Qualified Opportunity Zones: What We Know From New RegulationsJuly 16, 2019
Interest continues to increase in a promising new program contained in the 2017 Tax Cuts and Jobs Act, which provides significant tax incentives for investors in Qualified Opportunity Zones (QOZ).
After releasing the first set of QOZ proposed regulations on October 19, 2018, and holding a public hearing for comments and recommendations on February 14, 2019, the U.S. Department of the Treasury released their second set of proposed regulations on April 17, 2019 (the “2019 Proposed Regulations”) which substantially clarify several key issues. The Department of Treasury also held a second hearing in Washington, DC on July 9, 2019 to obtain further comments and recommendations from the public.
Both sets of proposed regulations generally provide that until final regulations are promulgated, eligible taxpayers may rely on the proposed regulations, provided that they are applied in their entirety and in a consistent manner.
Catch up on our updates here: A Practical Guide to the Qualified Opportunity Zone Program, Qualified Opportunity Zones: Insights From the Government’s New Guidance, and Qualified Opportunity Zones: An Update
Below are the highlights you need to know from the 2019 Proposed Regulations:
When a taxpayer invests in a Qualified Opportunity Fund (QOF), its capital gain is deferred statutorily until the earlier of December 31, 2026 or when its qualifying investment in the QOF is “sold or exchanged.” The 2019 Proposed Regulations provide a list of “inclusion events” that cause investors to recognize their deferred gain and clarify, as a general rule, that an inclusion event results to the extent the transfer reduces the taxpayer’s equity interest in the QOF. The 2019 Proposed Regulations provide a non-exclusive list of inclusion events, all of which are subject to exceptions, including transfers by gift, worthlessness, liquidation or termination of the QOF, and receiving property in a distribution. However, a leveraged distribution by a QOF to its investors may not be treated as an inclusion event, depending on the facts and circumstances, if the distribution occurs two years after the investment in the QOF.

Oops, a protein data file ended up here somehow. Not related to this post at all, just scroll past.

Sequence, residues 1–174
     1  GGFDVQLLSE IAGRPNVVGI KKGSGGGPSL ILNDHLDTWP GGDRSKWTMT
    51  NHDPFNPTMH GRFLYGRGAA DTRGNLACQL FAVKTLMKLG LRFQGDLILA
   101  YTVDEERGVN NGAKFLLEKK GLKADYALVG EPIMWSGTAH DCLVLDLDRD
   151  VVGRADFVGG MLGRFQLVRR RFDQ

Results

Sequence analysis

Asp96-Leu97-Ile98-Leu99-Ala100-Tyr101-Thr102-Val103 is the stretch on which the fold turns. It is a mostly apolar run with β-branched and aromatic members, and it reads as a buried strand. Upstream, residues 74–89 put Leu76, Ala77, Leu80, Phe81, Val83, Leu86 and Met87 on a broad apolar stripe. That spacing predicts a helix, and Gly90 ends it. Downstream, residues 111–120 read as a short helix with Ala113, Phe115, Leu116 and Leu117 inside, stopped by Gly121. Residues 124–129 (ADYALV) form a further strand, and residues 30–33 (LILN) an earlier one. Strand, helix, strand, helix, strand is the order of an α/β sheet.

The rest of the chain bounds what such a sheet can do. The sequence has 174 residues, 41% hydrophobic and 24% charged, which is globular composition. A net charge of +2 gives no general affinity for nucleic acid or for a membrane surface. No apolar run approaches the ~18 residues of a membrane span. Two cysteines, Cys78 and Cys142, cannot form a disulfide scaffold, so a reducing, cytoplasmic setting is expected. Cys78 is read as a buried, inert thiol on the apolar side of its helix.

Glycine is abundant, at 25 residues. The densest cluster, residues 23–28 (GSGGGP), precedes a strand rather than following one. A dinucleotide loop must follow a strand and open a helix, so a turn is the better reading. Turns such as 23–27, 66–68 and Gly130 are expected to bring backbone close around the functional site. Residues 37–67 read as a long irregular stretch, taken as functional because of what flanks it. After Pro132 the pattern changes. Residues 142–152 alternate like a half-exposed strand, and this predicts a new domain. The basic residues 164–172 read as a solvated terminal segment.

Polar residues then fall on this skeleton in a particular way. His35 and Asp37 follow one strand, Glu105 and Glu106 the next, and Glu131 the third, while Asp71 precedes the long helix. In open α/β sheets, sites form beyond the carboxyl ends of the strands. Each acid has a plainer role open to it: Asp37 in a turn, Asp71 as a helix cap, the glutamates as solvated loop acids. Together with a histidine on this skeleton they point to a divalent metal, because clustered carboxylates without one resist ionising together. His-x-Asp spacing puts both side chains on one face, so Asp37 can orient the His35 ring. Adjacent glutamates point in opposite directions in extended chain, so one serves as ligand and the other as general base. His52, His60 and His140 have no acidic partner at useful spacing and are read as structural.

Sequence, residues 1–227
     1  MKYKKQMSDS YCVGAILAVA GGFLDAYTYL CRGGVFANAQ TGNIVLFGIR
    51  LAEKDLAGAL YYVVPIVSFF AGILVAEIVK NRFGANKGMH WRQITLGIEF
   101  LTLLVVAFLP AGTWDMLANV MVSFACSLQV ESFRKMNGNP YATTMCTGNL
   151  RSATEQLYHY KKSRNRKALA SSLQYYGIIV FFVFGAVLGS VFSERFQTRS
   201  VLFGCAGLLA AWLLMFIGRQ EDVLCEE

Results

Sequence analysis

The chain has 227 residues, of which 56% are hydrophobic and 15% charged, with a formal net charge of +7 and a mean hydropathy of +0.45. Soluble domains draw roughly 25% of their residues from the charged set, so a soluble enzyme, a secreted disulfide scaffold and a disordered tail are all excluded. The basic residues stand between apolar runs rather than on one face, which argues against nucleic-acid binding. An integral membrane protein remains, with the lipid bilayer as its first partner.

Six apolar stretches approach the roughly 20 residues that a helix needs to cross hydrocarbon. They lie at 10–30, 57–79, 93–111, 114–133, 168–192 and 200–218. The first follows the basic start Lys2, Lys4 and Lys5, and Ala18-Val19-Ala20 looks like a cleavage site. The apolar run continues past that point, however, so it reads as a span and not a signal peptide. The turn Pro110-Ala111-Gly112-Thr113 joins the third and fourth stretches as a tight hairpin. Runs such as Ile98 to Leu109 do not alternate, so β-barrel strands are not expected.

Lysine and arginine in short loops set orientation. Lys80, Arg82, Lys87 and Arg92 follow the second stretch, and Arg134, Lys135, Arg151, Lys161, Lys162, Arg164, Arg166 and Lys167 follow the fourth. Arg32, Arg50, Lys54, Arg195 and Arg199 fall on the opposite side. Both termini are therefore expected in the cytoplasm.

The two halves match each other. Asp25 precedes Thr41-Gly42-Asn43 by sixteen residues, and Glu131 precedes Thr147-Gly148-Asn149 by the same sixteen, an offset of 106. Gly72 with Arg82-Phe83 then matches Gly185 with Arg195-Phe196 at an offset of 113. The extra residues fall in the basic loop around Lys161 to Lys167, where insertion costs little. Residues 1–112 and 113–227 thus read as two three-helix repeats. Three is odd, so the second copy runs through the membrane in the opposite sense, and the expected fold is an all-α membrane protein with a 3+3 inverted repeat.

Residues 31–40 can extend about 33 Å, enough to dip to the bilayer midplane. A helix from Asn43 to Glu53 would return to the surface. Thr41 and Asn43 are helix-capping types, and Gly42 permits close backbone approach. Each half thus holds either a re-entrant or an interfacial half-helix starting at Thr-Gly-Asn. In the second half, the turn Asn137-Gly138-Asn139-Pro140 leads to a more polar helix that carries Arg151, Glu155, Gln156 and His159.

Section 1231 Gains
There is a special rule for Section 1231 gains under the 2019 Proposed Regulations. Under the tax law, Section 1231 gain generally results from the sale or exchange of property used in a trade or business, and held for more than one year. If a taxpayer’s Section 1231 gains exceed its Section 1231 losses, this net gain is treated as long-term capital gain and is eligible for investment in a QOF. This means that a taxpayer needs to determine the net amount of the Section 1231 gains and the Section 1231 losses for such year. Effectively, this would not be known until the end of the taxable year. The 2019 Proposed Regulations provide that the 180-day period for the investment in a QOF of any net Section 1231 capital gain for a tax year would begin on the last day of the taxpayer’s tax year. As such, if a taxpayer realizes Section 1231 gain at the beginning of a tax year, the taxpayer will not know if the gain is eligible (i.e., net Section 1231 capital gain) until the end of the tax year, and must wait to invest in a QOF the following tax year.